trust, an age gone by?

So, here we are, hurtling down a two-lane highway through a deserted section of New Mexican desert on our way home.  Outside there is no moon, rendering the desert blacker than crude, a darkness only people who have been to New Mexico or outer space know.  1:45.  We crest a hill and lights twinkle from Cold Beer, a random roadside bar, the only thing on 64 between Cimarron and Raton.

I see something out of the corner of my eye.  Wary because of the obsession deer have with headlights, I tap the brakes.  Suddenly, I stomp on the brakes as what looks like a zombie is hobbling along the side of the road 100 meters in front of us.  “What is that?” Ashley asks, fear in her voice.  As we slowly drive by a, ghoulish head turns and looks at us, cracking a smile that reveals less teeth than are on my left hand.  Ashley screams.  I can’t think straight and my mind plays tricks on me.  By the time it registered that this man obviously needed a ride, we were a good 50 meters down the road.  I stop and put the car in reverse and begin to back up down the road.  I squint, trying to catch sight of him in the passenger side mirror.  Ashley screams again as we almost run over the guy now standing in the middle of the road directly behind us.  I slam on the brakes and we screech to a halt, barely missing him.  He walks around to the passenger side of the car.  I roll down the window as Ashley gives me a look filled with such trepidation I don’t know what to think.  The man is a sight to behold.  Grimy overalls, red and black plaid shirt, wisps of dirty blond hair, and a plastic Target bag dangling over his shoulder brings me back to a time I’ve only read about.  Or perhaps he is a zombie.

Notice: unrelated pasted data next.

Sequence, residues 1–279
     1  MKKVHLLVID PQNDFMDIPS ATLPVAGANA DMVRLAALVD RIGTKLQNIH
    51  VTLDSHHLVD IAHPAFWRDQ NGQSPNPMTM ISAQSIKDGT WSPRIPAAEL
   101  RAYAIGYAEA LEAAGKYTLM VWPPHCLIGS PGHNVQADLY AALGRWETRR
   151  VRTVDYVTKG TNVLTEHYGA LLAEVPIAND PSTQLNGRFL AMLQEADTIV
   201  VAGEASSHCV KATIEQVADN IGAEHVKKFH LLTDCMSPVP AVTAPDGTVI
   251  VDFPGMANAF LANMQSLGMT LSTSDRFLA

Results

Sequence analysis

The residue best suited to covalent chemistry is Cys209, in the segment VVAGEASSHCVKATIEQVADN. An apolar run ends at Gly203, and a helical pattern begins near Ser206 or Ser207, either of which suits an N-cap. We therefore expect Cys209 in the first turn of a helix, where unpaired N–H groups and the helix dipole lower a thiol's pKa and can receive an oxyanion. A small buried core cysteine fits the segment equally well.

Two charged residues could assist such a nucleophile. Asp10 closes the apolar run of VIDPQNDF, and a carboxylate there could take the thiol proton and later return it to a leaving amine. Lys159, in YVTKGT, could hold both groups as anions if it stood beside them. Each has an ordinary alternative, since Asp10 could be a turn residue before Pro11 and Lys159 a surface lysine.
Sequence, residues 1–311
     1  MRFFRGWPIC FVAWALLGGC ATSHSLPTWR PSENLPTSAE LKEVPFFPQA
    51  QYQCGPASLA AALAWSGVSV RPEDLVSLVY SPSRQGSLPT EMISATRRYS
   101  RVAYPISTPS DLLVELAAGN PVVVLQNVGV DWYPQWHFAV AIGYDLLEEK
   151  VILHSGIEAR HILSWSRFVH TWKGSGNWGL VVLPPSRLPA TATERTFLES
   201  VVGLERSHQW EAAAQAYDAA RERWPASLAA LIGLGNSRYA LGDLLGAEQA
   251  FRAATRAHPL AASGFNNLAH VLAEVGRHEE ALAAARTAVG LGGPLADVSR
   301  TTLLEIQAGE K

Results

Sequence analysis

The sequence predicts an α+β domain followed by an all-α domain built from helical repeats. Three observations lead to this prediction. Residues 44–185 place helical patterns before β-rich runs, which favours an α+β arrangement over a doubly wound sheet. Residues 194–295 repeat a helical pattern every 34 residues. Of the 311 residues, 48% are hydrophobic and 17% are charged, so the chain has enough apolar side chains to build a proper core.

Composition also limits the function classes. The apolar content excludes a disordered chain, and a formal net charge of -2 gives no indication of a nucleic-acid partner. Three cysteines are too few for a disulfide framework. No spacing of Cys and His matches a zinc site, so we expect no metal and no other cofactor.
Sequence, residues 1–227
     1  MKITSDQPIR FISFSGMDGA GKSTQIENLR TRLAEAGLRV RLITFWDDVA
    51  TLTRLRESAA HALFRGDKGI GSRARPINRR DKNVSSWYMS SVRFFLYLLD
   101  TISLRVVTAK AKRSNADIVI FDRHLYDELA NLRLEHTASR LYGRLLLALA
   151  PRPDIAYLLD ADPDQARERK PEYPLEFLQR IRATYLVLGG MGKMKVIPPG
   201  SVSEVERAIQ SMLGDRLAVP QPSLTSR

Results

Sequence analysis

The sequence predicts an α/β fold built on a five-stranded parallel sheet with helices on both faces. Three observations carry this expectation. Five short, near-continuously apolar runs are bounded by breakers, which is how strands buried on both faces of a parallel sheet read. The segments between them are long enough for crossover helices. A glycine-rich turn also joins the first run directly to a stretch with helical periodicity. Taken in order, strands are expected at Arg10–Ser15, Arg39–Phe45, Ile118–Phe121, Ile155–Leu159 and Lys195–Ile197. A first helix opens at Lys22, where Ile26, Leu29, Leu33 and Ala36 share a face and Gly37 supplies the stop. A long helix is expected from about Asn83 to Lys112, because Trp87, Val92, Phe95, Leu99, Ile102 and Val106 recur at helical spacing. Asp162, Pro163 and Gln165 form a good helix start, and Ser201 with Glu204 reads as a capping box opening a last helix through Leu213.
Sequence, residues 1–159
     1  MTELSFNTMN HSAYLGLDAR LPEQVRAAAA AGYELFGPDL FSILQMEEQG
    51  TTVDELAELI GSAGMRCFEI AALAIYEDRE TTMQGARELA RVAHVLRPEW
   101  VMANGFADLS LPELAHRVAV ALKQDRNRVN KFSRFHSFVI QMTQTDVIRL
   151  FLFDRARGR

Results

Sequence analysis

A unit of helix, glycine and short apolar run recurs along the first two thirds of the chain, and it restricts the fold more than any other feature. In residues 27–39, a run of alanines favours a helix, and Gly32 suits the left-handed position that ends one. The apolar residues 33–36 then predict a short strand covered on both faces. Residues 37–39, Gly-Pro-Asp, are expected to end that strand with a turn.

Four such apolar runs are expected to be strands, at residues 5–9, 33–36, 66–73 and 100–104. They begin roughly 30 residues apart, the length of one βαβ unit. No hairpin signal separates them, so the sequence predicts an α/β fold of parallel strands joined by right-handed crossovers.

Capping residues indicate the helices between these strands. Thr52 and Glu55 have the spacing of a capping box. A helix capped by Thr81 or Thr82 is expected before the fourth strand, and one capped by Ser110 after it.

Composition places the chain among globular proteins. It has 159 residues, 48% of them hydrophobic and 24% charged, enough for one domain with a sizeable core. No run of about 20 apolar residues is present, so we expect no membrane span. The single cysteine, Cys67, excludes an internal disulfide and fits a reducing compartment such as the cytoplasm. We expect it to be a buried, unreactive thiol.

“What on earth are you doing!?” is all I could exclaim, I don’t know if I even mean it as a question.

“Walking,” he states in a whiny tenor.

“I can see that.  Do you want a ride?  We’re going as far as Cimarron.”

“Well… Sure…”

He fumbles outside for a minute and opens the rear passenger door.  Only as he sits down does it occur to me that he is very, very dirty and he is sitting down on our brand new seats.  Oh well, they will clean I suppose.

I start driving.  I realize, we’re about 25 miles away from Raton and a good 12 or so away from Cimarron.

“Were you at Cold Beer?”  I ask.

“I don’t… know?” he stammers.  Obviously not, I guess.

He has walked a long ways he says, he started that day up in Trinidad, CO almost 60 miles north.  We start talking.  He tells us he likes to travel.  He says that school and work aren’t for him.  His mystical voice is almost hypnotic, in a bizarre way, and I get sucked into his unusual tale.  He says he is going to Taos and he is coming from Denver, where he has been living on the streets for some time.

All that he owns is nestled into that Target bag.

“You guys don’t happen to have a cigarette, do you?  I’m dying for a cigarette right now,” he asks hesitantly.

“Naw, we don’t smoke,” I reply, “But do you need any food or anything?”

“No.  I’m okay.”

We drop him off at the gas station in Cimarron and head home, welcoming the bed and sweet sleep.

The guy, I don’t even know his name, is probably out there, right now, walking… Somewhere.  Who knows?